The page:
Anton Walkes replaced Ben Close for the final minutes and almost wrote his name into the history books with his first touch, but then came a key moment. Lowe gambled and won possession inside the Sunderland area before keeping his cool to produce an amazing lob over the keeper to put his side 2-1 up.
And just when it seemed that Lowe's would be the winning goal, the pendulum swung again as ever-dangerous McGeady stayed calm with almost the last kick of extra-time, dragging the ball past a defender before firing home from close range.
McGeady's effort meant penalties would decide the winner and, from the spot, Portsmouth made no mistake. Five perfect efforts, coupled with MacGillivray's save from Cattermole, meant the Trophy belonged to the Blues. It was heartbreak for Sunderland, who played their part in a fantastic Final, but the day belonged to Jackett and his side, with the Pompey manager winning the competition for a second time.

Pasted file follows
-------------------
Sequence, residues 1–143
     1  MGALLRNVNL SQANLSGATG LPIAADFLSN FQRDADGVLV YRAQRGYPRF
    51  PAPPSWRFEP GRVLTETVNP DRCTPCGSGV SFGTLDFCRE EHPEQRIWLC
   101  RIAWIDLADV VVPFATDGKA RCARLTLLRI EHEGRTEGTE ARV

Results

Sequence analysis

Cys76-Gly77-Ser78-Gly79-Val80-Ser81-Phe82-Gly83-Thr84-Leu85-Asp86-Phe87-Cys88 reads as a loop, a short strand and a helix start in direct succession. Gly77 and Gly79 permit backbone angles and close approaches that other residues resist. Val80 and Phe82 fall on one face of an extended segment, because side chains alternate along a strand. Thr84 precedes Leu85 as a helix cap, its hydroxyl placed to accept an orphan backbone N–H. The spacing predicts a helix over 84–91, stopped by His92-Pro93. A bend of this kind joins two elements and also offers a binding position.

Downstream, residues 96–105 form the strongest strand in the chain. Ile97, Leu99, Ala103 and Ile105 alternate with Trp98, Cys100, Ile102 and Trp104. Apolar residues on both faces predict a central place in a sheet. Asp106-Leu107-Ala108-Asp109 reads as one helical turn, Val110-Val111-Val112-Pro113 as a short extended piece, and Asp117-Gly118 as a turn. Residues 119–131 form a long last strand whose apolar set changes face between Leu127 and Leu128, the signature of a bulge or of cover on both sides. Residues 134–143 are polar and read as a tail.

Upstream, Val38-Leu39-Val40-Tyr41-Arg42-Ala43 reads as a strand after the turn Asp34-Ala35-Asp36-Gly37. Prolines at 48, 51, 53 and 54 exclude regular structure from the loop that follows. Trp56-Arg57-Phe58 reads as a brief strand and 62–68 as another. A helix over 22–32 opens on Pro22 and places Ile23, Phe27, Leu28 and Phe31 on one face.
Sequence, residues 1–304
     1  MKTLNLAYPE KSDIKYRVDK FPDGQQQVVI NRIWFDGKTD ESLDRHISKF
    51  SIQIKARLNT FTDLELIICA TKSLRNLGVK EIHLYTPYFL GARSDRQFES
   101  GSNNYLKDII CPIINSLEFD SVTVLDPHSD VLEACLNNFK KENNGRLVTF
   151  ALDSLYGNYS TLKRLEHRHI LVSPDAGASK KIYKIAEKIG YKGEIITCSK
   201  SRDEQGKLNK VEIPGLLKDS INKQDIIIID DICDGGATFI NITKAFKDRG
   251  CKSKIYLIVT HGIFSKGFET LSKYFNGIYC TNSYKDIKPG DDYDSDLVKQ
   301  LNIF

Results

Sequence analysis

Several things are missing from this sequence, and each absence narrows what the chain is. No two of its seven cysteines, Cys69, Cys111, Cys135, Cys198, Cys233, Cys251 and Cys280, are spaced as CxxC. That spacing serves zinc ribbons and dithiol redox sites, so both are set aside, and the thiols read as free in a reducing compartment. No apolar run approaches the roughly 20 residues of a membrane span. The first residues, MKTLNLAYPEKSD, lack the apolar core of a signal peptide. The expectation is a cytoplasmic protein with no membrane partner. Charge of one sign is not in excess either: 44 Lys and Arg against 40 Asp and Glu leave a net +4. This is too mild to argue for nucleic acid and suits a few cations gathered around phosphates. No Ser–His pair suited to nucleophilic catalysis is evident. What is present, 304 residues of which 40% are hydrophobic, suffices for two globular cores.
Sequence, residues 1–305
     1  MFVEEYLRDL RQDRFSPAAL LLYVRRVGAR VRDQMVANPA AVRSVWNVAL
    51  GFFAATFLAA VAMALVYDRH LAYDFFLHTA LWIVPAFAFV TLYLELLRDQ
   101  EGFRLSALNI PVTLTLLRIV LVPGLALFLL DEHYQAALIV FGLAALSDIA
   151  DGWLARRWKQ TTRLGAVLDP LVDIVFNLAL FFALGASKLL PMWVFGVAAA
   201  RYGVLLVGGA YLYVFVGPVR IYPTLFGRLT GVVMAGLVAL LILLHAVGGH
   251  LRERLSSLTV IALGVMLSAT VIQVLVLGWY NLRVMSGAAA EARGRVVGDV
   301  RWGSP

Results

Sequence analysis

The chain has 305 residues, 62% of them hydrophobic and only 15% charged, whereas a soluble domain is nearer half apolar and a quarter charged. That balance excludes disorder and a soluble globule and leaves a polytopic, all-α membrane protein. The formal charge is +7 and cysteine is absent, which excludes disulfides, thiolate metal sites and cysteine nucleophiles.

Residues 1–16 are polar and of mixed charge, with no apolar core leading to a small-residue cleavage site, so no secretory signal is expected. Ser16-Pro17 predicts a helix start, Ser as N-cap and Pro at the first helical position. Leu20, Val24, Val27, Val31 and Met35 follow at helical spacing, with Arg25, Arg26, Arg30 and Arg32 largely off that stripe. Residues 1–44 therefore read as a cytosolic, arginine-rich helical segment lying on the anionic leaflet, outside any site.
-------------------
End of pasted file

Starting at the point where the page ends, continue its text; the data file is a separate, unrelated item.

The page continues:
Portsmouth: MacGillivray, Thompson, Burgess, Clarke, Brown, Naylor, Close (Walkes 112'), Lowe, Pitman, Curtis (Evans 56'), Bogle (Hawkins 69').
Subs not used: Bass, Haunstrup, May, Vaughan.
Booked: Curtis, Evans
Goals: Thompson 82', Lowe 114'
Sunderland: Mclaughlin, Flanagan, Baldwin, O’Nien, James (Hume 88'), Cattermole, Leadbitter (Wyke 94'), Morgan (Gooch 73'), McGeady, Honeyman, Grigg (Power 77').
Subs not used: Ruiter, Dunne, McGeouch.
Booked: Baldwin, McGeady
Goals: McGeady 38', 119'
Man of the Match: Matt Clarke